My younger son receives Occupational Therapy (OT) in school each week.  He has alot of sensory issues, gross and fine motor skills to develop, and of course tons of energy.  His school OT is a good professional and very creative.  She makes him work hard too – which he doesn’t always appreciate 🙂 .

At the last IEP meeting, the OT tells us the following story…

The OT, in preparation for our son’s session, “messes up” her room, turning chairs over, moving desks, taking books off the shelves and putting them on the floor.  She does this so that she can ask our son to put everything back when he first gets to the room.  This gives him some deeper sensory stimulation and helps him calm and focus himself for the work ahead.

Our son, walking into the room, says “What happened!  Why is the room so messy?”

The OT tells him that an elephant came through the room and moved all sorts of things around – she needs his help to clean up.  Our son, suspicious that an elephant didn’t reallycome through her room, but willing to play along, gives her a look and then starts to put things back where they belong.  After half-a-minute he stops, cocks his head, and says “I have something to tell you about the elephant and how he came to school to mess up your room.”  Clearly he has concocted a story to help explain this strange occurance.

The OT, wise to my son’s story telling stalling techniques, tells him that now is not the time to tell stories, now is the time to work.  My son tries again with no success.  Eventually the room is put back to rights and they begin a more traditional exercise.  My son is a bit perturbed but settles in.

At the end of the session my son is preparing to leave the room to go back to his regular classroom when he turns at the door.  “I want to tell you a story,” he tries again.  He is determined to tell a story!

“What about?” she asks.

He pauses for dramatic effect then raises his eyebrows.  “About the CRAZYOT,” and placing hand on hip he grins and says “and YOU are the OT!”  Satisfied that he has made his point he flounces out of the room (as best as a first grade boy can flounce) and makes his way back to his classroom.  At this point in the story we all laugh, shake our heads, and agree that our son has quite a personality and flair for the dramatic.

Thank you to all of the crazy OTs and STs and PTs who work with our crazy kids and us crazy parents.  We couldn’t get through this without you.  Thanks for pushing us a little farther so that we can all achieve our best – especially when the elephants charge through our lives.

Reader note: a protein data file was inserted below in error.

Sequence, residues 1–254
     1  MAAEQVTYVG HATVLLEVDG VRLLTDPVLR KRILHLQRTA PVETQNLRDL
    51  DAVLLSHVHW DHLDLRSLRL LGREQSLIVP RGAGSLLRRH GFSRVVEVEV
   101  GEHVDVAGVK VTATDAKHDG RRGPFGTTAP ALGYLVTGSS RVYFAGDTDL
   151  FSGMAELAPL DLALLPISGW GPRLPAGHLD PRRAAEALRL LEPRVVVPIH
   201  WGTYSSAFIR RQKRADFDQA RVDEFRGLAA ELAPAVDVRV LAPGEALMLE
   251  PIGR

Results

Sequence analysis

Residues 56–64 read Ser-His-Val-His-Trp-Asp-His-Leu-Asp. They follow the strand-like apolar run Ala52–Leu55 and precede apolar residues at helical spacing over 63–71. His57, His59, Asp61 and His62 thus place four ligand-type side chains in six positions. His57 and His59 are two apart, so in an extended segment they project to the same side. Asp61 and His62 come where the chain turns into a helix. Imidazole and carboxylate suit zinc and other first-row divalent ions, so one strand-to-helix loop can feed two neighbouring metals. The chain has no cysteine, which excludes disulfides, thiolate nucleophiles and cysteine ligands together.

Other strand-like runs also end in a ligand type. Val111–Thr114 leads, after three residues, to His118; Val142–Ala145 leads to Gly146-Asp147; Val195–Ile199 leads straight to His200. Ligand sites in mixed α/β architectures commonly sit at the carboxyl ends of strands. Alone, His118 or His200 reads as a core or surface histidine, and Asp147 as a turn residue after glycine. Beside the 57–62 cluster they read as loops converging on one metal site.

Hallmark Untaps New Market? – Autism Greeting Cards

Ever walk through the greeting card section in your local mega mart and wonder…  With Autism diagnosis rates increasing, could there be a new angle for the greeting card industry?  Shouldn’t there be greeting cards to reflect this significant part of our lives?

Sympathy cards: I’m so sorry your child was just diagnosed with autism…

I Love You: I love you, Mom, even though I’ve never been able to tell you in words…

Anniversary cards: It’s been a heckofa year since your child was first diagnosed…

New Year’s cards:

– Another year, and your kid is still autistic???…

– Another year, and your kid still isn’t potty trained???…

IEP Thank you cards: Thank you for all of the double-talk, confusion, and aggravation from our last IEP meeting…

Congratulations cards:

– Now that you’ve spent your life savings on therapies and are entering bankruptcy we didn’t want this important milestone to pass without saying congratulations on destroying your credit rating…

– Congratulations on sleeping through the night!

Thinking of you cards: I know you never get to go out with your friends anymore, but we’ve been thinking of you and wish you were here…

Extreme Makeover cards: You and your life are so totally different now that you have a child with Autism… what a makeover!

Alas, none of these would take away the pain that comes with a diagnosis, but I sure could use these once in a while!  What other ideas are there for a new line of greeting cards?

What is Dinah Doing?

You know how you can get song lyrics wrong?  You know how funny it is when someone else does it?  Take my younger son, who insisted that this little ditty was the “correct” set of lyrics to a section of the kiddy classic “I’ve Been Working On The Railroad”… 

“I’ve been workin on a railroad, all the livin day!

I’ve been workin on a railroad, jus a bass a dime away!

Can ya hear a wiffle owin, aye uh a eary ih a born!

um a uh uh uh uh uh dah, Dinah bow ya born!

Dinah Warsh and Blow,

Dinah Warsh and Blow,

Di – nah Warsh and Blo – o – ow!”

Rather than working on the railroad, I think Dinah opened the west’s first Cut’n’Curl Beauty Salon… but that is a whole other post.  Peace to all out there!